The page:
Wednesday, February 8, 2023

Trump at risk from probe after decades of scrutiny

As a businessman and president, Donald Trump has faced lawsuits and criminal investigations, but he has repeatedly emerged from legal investigations with his public and political reputation intact.

Yet perhaps he has never faced an investigation as dangerous as Mar-a-Lago, which focuses on the possible mishandling of top-secret documents. The sense of vulnerability has grown in recent weeks, not only because the Justice Department appointed a special prosecutor with a reputation for coercion, but also because of the removal of an independent expert in the case requested by Trump and an apparent disapproval of the judges. According to the arguments of his lawyers.

It is impossible to predict how long the investigation will last or whether the Justice Department will take the unprecedented step of impeaching a former president and a current candidate. But Trump is no longer protected from prosecution in the way it was when he was in office, and some legal experts see the Mar-a-Lago investigation as focusing on more direct, fact-based legal issues than previous investigations. .

“Unlike many previous investigations involving these complex financial frauds where prosecutors have had to convince a jury why the conduct is a crime, here prosecutors will not have that difficulty, they will not have the challenge of explaining what is what.” Robert Mintz, a former Justice Department prosecutor, said, “If charges are eventually filed, there is a crime”.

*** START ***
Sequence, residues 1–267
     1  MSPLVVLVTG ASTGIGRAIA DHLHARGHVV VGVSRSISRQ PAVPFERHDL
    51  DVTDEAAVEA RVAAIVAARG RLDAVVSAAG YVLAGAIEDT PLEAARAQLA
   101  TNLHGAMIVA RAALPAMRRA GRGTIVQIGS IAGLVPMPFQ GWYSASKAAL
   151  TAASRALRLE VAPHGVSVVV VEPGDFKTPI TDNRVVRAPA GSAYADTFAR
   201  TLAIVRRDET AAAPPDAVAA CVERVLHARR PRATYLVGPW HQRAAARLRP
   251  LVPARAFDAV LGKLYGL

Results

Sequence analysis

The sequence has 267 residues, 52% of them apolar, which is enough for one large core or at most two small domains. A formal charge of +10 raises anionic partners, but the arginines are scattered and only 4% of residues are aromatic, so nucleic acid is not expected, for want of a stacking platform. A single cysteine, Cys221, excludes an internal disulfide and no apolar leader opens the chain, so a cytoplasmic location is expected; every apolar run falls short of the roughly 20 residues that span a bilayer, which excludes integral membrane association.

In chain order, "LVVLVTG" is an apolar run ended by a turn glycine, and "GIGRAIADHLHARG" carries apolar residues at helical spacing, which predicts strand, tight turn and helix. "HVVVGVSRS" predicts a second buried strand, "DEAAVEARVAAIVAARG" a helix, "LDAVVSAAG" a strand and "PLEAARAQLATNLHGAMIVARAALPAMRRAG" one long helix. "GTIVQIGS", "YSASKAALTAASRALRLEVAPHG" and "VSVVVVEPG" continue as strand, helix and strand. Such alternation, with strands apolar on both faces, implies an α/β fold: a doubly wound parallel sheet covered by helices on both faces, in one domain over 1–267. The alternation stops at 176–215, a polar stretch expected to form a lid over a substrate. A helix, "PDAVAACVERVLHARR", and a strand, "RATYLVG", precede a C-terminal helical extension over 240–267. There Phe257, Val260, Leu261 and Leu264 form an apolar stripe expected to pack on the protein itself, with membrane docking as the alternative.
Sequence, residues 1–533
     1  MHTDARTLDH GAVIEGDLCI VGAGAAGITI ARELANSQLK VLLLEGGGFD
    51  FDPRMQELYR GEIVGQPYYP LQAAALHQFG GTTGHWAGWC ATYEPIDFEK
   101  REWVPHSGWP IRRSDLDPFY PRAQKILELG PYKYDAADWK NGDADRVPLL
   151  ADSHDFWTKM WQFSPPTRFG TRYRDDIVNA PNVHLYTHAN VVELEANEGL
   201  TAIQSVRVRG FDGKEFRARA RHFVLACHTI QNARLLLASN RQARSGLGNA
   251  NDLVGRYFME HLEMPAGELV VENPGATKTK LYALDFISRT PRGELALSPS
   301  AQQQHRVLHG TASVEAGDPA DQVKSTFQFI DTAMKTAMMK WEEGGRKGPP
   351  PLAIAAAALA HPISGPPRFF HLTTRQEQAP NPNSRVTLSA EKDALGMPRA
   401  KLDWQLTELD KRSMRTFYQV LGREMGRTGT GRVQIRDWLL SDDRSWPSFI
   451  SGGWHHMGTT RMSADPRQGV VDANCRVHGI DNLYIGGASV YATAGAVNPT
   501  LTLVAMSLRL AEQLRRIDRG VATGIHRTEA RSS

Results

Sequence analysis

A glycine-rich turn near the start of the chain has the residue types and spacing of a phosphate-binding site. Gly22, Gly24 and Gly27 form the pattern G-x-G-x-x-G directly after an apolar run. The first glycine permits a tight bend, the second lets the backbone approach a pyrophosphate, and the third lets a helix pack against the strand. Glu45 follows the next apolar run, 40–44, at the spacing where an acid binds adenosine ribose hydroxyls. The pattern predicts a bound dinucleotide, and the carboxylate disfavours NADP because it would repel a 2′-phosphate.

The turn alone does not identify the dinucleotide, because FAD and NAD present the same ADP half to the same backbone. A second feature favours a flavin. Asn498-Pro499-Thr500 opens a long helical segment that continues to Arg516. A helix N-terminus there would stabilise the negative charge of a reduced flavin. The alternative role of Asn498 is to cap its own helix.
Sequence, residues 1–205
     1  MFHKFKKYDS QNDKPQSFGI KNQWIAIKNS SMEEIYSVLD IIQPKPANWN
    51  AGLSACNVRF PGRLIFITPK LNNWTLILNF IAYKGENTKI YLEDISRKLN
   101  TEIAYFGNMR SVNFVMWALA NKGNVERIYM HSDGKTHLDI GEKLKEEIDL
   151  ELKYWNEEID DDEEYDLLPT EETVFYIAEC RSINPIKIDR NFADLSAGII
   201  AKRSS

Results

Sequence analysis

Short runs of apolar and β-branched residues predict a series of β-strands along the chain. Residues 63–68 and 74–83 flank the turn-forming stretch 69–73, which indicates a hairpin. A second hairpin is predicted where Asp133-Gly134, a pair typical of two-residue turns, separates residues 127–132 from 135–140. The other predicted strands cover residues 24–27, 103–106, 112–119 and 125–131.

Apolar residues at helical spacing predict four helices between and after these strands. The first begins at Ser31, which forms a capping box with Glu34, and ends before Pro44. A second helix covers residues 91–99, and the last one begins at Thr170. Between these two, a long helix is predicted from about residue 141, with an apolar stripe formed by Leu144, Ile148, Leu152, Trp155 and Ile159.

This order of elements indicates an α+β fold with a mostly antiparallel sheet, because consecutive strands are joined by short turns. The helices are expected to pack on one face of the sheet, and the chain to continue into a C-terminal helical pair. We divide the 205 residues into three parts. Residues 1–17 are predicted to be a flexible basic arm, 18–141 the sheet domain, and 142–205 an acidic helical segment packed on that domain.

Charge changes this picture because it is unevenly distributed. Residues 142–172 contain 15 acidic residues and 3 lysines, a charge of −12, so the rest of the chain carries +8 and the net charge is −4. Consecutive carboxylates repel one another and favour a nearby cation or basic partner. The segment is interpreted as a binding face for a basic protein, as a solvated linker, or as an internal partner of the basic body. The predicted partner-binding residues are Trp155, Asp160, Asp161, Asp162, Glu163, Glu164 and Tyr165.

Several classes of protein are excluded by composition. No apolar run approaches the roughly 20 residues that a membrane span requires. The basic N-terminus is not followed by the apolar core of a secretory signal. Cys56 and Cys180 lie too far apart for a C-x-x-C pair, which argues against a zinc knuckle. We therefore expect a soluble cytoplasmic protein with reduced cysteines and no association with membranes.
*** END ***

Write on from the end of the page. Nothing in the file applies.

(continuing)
An investigative hurdle for the Justice Department was removed last week when an appeals court panel — including two judges appointed by Trump — terminated the work of a special expert who had been tasked with conducting an independent review of thousands of documents seized by the FBI. Was asked to review. Its Mar-a-Lago raid. The decision allows prosecutors to access the entire set of documents for their investigation.

In a harsh opinion reached very early in history, the court held that a search of a former president’s property was extraordinary, but not so extraordinary as to warrant special treatment.

“It’s not often that you see cases cited in appellate court decisions that were decided in the 1800s, in 1794,” said David Weinstein, a Florida criminal defense attorney and former federal prosecutor. “These are the foundations of law that have existed for a long time and on which they rely.”

Of course, investigations are nothing new to Trump, and speculation about the legal risk he runs has previously been proven wrong.

Last year, New York state prosecutors indicted Trump’s company, the Trump Organization, and its longtime chief financial officer, but not the former president. In September, the New York attorney general accused Trump of inflating his net worth by billions of dollars and defrauding banks, but these charges were made in a lawsuit, not a criminal case.

As president, he was investigated by a former special prosecutor, former FBI Director Robert Mueller, into whether his successful 2016 campaign illegally colluded with Russia and whether he tried to obstruct that investigation. Mueller ultimately found insufficient evidence to claim that there was a criminal conspiracy between the campaign and Moscow, as well as citing a long-standing Justice Department policy that prohibits the impeachment of a sitting president.